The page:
Using a multimeter to measure voltage is fairly straight forward, so long as you follow safety precautions, but how about the rest of the functions on the dial? Even the most advanced Fluke customers often feel there are aspects to their meter they could use better.
In this 2-hour online course you will learn
- Standard functions and what they're for
- Measurement symbols and their applications
- When to use advanced modes
- Specifications and what matters
The teachings in this course apply to most multimeter models. They also comply with industry training guidelines for using electrical test instruments. The six lessons use narration, video, interactive activities and illustration to familiarize you with multimeter modes and applications.
Watch this video to preview the course's style of instruction and engagement. At Fluke, we hold our online courses to the same high quality standards our customers expect from the Fluke name.
Who should take this course:
This course is designed for electrical and maintenance professionals as well as other people who want to learn how to better use digital multimeters. The course can also be a way to document knowledge for employers or unions. Participants taking the course will benefit the most if they have a working understanding of electrical theory and electrical safety requirements. To receive a completion certificate, participants must complete all lessons and pass the final test.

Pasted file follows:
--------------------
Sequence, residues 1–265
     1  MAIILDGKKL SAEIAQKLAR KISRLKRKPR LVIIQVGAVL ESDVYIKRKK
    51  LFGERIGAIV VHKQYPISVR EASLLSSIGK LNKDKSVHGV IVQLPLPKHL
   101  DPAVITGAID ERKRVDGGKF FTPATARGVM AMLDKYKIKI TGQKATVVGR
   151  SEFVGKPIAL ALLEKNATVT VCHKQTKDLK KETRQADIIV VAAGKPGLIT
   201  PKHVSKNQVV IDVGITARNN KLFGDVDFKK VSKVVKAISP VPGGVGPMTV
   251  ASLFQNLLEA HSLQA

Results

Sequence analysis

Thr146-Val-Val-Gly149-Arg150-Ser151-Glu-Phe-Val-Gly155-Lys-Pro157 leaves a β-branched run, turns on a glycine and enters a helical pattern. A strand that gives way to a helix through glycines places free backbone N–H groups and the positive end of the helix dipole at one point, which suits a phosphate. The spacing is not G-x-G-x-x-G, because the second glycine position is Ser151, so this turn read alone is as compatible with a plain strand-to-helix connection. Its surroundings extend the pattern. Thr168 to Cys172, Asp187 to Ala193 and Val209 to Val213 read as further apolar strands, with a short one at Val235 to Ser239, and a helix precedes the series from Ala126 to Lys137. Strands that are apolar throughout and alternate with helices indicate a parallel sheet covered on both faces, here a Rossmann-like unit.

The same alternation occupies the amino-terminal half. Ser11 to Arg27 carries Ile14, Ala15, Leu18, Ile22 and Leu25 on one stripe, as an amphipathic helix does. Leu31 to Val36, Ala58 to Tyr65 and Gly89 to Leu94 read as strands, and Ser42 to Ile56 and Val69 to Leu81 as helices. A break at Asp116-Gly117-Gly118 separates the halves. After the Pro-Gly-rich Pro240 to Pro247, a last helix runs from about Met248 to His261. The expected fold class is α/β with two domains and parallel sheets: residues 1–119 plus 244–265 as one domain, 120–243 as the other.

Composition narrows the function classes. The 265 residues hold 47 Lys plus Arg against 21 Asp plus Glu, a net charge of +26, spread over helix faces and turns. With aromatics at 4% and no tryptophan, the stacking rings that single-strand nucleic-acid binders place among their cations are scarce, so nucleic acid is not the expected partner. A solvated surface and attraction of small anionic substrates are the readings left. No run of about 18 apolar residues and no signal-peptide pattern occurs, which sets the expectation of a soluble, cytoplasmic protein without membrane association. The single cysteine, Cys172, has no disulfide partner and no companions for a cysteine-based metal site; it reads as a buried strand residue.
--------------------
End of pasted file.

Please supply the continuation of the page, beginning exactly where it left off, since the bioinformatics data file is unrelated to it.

*The Digital Multimeter Basics course includes references to basic electrical theory, explanations, and other supporting resources or content contained in the free Fluke Electrical Measurement Safety online course. It is our recommendation that you start by completing the Electrical Measurement Safety course. A passing score is recommended, but not required to continue into this course.
This course is provided for informational purposes only. The contents of this course cannot substitute for proper training under and implementation of industry standards applicable to servicing and testing of electrical and mechanical equipment.
You must carefully review and follow OSHA, NFPA and other regulatory requirements, equipment manufacturers' instructions, and your company's safety procedures when conducting any testing or servicing of electrical and mechanical equipment.
The demonstrations in this course were performed by trained professionals in a controlled environment.
Do not attempt to induce an arc fault, arc flash, or any other condition that could potentially damage electrical test tools or equipment or otherwise create any increased risk of personal injury.
Fluke Courses are written by subject matter experts and produced by designers to be engaging as well as instructive.